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The background to this is that I've recently given a tutorial wherein we had to go through the determination of point groups for atoms in various lattices (BCC, FCC/CCP and HCP). BCC and HCP, I have no problem with. However, I've now acquired a copy of the lecturer's "official" solutions and there's a bit of discrepancy with the FCC, that I can't fathom: I get an $O_\mathrm{h}$ point group, while he gives a $D_\mathrm{3d}$ point group.

Here goes:

The coordination geometry of an atom in the FCC structure (assuming one atom/lattice point and only one species of atom, as in an FCC metal) is a cuboctahedron:

coordination geometries, cuboctahedron

By my reckoning we have $3$ $C_4$ axes, one through each pair of square faces, and a $C_3$ through each pair of triangular faces.

Following the classic flowchart:

point group flowchart

The number of high-symmetry rotational axes is surely enough to exclude $D_\mathrm{3d}$ already?

The only thing that makes me think that the lecturer hasn't just made an error is this line from the Wikipedia page for the cuboctahedron:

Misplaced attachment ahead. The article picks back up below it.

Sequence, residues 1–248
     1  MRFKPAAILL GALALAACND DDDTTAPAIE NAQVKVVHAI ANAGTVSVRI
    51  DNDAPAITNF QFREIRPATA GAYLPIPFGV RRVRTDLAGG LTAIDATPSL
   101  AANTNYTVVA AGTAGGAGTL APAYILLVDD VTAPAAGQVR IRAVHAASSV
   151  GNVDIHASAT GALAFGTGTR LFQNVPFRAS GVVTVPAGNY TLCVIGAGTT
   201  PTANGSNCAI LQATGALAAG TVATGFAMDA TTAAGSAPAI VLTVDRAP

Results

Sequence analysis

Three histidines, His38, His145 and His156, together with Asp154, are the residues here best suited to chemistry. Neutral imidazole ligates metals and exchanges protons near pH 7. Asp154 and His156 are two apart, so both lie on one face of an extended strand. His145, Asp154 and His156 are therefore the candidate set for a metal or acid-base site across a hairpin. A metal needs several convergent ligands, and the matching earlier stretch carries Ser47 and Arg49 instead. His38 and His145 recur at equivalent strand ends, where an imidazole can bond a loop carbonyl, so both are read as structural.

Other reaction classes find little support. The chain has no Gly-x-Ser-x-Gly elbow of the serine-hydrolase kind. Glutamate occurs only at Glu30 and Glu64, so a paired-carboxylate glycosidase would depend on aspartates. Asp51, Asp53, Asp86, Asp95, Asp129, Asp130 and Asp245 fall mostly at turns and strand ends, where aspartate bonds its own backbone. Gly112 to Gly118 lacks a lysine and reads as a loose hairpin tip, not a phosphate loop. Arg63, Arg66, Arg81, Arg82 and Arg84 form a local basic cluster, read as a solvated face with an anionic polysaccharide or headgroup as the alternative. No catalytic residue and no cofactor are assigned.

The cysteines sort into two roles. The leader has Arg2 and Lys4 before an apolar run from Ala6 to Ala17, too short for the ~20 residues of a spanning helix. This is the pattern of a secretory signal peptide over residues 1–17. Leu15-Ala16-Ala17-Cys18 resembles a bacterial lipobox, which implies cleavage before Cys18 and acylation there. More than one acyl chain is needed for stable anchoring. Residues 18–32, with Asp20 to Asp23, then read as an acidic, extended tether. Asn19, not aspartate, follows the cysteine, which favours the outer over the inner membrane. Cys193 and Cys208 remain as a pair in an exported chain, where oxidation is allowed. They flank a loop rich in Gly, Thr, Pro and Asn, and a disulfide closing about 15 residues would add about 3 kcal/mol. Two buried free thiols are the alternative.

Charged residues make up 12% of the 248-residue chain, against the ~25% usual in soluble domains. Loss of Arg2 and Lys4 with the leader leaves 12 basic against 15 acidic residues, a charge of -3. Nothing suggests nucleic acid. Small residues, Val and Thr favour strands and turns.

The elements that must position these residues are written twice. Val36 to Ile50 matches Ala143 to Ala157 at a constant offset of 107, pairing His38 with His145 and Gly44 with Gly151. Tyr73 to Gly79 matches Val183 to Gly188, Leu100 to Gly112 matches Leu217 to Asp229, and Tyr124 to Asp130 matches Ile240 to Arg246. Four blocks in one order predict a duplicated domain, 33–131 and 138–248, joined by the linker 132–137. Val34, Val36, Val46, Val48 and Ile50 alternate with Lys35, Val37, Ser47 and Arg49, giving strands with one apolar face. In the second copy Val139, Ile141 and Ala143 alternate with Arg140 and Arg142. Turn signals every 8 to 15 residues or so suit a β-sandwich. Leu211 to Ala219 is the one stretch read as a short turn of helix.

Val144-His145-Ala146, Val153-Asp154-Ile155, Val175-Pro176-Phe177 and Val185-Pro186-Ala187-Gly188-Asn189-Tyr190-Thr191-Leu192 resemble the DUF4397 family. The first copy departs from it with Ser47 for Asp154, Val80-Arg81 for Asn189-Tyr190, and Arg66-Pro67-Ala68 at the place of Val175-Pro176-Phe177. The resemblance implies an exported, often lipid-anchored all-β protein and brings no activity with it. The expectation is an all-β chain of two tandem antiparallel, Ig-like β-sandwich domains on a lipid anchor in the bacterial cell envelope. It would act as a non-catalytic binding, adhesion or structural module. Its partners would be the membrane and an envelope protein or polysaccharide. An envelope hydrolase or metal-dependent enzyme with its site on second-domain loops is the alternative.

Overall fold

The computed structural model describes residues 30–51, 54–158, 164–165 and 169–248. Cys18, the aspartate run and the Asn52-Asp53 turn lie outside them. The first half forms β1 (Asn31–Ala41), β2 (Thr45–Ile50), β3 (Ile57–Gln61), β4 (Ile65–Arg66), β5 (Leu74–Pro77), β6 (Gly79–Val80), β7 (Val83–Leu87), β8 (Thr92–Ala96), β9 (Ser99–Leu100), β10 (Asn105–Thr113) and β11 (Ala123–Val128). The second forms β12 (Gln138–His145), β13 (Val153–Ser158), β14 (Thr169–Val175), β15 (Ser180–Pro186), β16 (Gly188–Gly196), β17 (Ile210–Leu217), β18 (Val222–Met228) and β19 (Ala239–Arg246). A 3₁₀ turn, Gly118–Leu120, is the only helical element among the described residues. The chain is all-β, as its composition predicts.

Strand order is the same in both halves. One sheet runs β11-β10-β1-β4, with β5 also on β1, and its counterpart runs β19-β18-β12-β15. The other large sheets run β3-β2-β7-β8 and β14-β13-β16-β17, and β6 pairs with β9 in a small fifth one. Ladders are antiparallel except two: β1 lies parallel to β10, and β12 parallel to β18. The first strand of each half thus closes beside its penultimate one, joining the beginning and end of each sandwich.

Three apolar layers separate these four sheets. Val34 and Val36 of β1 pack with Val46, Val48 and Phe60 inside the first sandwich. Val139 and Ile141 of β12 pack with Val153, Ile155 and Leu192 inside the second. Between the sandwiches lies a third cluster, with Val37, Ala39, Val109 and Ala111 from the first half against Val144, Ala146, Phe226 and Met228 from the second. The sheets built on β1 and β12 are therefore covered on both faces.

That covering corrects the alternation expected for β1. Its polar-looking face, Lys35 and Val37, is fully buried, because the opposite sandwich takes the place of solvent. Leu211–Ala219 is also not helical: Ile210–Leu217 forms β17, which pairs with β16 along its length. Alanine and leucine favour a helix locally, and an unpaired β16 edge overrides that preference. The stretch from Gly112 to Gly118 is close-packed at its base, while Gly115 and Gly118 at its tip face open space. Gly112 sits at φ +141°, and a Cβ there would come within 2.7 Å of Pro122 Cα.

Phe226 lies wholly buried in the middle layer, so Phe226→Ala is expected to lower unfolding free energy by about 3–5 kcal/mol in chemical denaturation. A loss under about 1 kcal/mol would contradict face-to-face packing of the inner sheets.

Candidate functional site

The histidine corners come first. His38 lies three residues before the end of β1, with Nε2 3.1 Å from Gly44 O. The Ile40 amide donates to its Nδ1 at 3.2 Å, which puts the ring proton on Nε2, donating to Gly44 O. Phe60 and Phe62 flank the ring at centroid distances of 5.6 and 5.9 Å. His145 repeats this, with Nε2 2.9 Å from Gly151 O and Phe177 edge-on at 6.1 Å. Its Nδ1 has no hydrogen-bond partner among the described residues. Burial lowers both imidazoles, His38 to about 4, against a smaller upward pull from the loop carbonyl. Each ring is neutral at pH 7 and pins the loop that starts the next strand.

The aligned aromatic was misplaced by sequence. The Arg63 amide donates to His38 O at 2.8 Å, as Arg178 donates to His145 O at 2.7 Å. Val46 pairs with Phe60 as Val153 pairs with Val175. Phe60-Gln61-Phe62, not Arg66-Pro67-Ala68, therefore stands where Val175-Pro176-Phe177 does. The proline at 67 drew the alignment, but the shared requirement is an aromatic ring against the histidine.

With $O\mathrm{h}$ symmetry, order $48$, it is a rectified cube or rectified octahedron (Norman Johnson).

With $T_\mathrm{d}$ symmetry, order $24$, it is a cantellated tetrahedron or rhombitetratetrahedron.

With $D_\mathrm{3d}$ symmetry, order $12$, it is a triangular gyrobicupola.

This is no doubt due to deficiencies in my understanding of group theory, but I don't understand how the same shape can simultaneously have multiple point groups, nor how you would select which one is relevant to a particular analysis.

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    $\begingroup$ I will update the question to make this clearer, but the assumption when solving was that we had an FCC metal structure, ie. only one atom. The Wikipedia quote was from a geometry article and, afaik, refers only to the polyhedron and doesn't consider any "atoms" or similar. $\endgroup$ – Wandering Chemist Feb 21 '17 at 16:39
  • $\begingroup$ Oh is correct, so they went off the rails there somewhere. $\endgroup$ – Jon Custer Feb 21 '17 at 16:57
  • $\begingroup$ @WanderingChemist You are right, the symmetry of a cubooctahedron is similar to that of a cube and/or octahedron, i.e. $O_h$. $\endgroup$ – Ivan Neretin Feb 21 '17 at 17:13
  • $\begingroup$ @JonCuster, IvanNeretin, Thanks! In that case, do you know what the quote from the Wikipedia article is on about when it discusses an cuboctahedron "with Oh symmetry", "with Td symmetry"? Is that just a situation where something is added to certain locations on the shape to reduce its symmetry? $\endgroup$ – Wandering Chemist Feb 22 '17 at 9:45
  • $\begingroup$ I might suggest that you seem to be blurring the line between point groups and space groups in your latest comment. The 'adding things to reduce symmetry' is, roughly speaking, what happens to turn the (fewer) point groups in to (the many) space groups. $\endgroup$ – Jon Custer Feb 22 '17 at 13:55

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